My Data's Bigger than Your Data
Perhaps the hottest lingo in Silicon Valley these days is "big data". Once upon a time, the only folks who needed to worry about massive, unstructured (or semi-structured) data sets were scientists running weather simulators or investment banks designing high-frequency trading strategies. Not anymore.
Sunday's NY Times ran an article on the increasing ubiquity of sprawling data sets, and the growing need for analysts who know how to work with them. Yes, some of this is hype. But the underlying trend is an incredibly important one, and it's not a fad. I'm talking about the rise of data-driven decision-making.
For millions of years, humans have gotten by on our skill at making semi-informed hunches. To be fair, as a species we're really good at it. We don't always understand how everything connects, but a combination of intuition, experience, and logic leads us to reasonable conclusions more often than not.
The world we live in, however, is getting more complicated all the time. Just about everything moves faster, and societies and industries are more interconnected every day. At the same time, the amount of "data noise" is growing exponentially. The 2011 Digital Universe Study reports that in 2011, humans created of 1.8 zetabytes of data (1 zetabyte = 1 trillion gigabytes). By 2020, we'll be producing 50 times that every year. Extracting meaningful signals from that earsplitting noise, and using that information to make smart, informed decisions, is among the most critical challenges of the 21st century.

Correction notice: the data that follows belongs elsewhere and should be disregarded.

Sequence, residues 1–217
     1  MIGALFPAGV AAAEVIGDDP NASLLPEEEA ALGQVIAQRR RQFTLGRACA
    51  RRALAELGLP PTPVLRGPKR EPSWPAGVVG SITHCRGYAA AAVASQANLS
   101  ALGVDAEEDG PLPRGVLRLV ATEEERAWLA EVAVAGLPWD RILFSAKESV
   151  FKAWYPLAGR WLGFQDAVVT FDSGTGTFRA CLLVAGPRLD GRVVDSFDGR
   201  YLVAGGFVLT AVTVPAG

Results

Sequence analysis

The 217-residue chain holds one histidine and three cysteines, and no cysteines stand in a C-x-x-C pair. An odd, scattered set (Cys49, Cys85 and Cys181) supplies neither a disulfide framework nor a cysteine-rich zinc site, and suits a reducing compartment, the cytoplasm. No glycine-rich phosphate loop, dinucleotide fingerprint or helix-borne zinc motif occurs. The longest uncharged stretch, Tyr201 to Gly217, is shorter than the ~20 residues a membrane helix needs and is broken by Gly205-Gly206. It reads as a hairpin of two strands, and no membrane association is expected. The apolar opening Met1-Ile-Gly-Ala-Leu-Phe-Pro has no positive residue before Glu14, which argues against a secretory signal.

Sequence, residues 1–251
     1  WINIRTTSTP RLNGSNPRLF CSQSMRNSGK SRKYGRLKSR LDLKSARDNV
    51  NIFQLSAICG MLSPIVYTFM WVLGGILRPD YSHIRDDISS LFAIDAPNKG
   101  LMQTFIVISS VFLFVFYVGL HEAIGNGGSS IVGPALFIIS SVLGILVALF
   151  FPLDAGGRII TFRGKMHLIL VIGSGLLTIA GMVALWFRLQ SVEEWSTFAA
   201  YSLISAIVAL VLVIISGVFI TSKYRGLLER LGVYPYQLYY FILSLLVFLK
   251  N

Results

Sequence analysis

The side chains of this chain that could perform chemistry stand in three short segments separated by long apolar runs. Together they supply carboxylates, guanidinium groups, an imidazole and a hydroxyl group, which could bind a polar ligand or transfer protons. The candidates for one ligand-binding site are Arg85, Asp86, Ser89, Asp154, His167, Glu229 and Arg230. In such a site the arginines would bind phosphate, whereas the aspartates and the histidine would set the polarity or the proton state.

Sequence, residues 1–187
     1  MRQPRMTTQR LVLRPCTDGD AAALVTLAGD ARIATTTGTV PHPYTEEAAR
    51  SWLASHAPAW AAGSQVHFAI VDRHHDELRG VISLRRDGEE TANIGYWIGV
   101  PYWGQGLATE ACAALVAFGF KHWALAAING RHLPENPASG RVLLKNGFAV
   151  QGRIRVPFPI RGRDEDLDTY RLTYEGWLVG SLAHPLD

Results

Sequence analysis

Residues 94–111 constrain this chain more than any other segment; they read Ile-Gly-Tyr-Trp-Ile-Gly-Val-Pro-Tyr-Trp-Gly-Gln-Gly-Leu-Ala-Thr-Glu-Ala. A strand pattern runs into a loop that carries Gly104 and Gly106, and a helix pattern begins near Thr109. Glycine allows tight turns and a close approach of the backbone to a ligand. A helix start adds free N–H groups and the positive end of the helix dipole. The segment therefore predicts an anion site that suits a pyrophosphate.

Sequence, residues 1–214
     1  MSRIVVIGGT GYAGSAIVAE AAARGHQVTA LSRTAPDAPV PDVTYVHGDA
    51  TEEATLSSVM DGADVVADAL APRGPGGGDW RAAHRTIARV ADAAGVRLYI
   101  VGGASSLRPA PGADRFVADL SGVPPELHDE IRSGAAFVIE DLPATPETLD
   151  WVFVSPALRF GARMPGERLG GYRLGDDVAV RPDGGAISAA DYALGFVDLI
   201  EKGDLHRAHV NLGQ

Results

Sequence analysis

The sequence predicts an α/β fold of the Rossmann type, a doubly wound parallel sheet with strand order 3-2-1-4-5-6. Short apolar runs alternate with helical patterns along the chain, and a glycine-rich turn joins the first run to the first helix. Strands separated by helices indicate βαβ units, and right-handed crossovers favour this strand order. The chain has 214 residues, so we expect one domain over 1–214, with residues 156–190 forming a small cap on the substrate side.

Needless to say, the arts are not at the vanguard of this trend. Art itself is among the most analysis-resistant of human activities, so perhaps it's unsurprising that our field tends toward a fondness for intuition and a distrust of cold analysis. Alas, this is a luxury we cannot afford if we want to remain relevant in the future. To thrive in a big data world, funders, policymakers, and even individual arts administrators need more and better information about the context in which their work takes place.
Fractured Atlas has been working on this problem for a couple of years now, on a couple of different fronts. The centerpiece of our strategy is Archipelago, which is a technology platform for cultural sector data aggregation, visualization, reporting, and analysis. Archipelago cross-references data from the IRS, the US Census, the Bureau of Labor Statistics, the Cultural Data Project, mailing list co-ops, Spaces, and original research, among other sources. The result is a multi-faceted tool that can help funders, policymakers, advocates, and even individual organizations get a more comprehensive picture of the cultural assets and activity in a given geographic region. Think of it as Moneyball for the arts!
Of course, we're not the only ones tackling big data in the arts, nor are we naive enough to think that any single tool can crack this nut. But hopefully we're doing our part to nudge the field towards a better informed, more analytical future.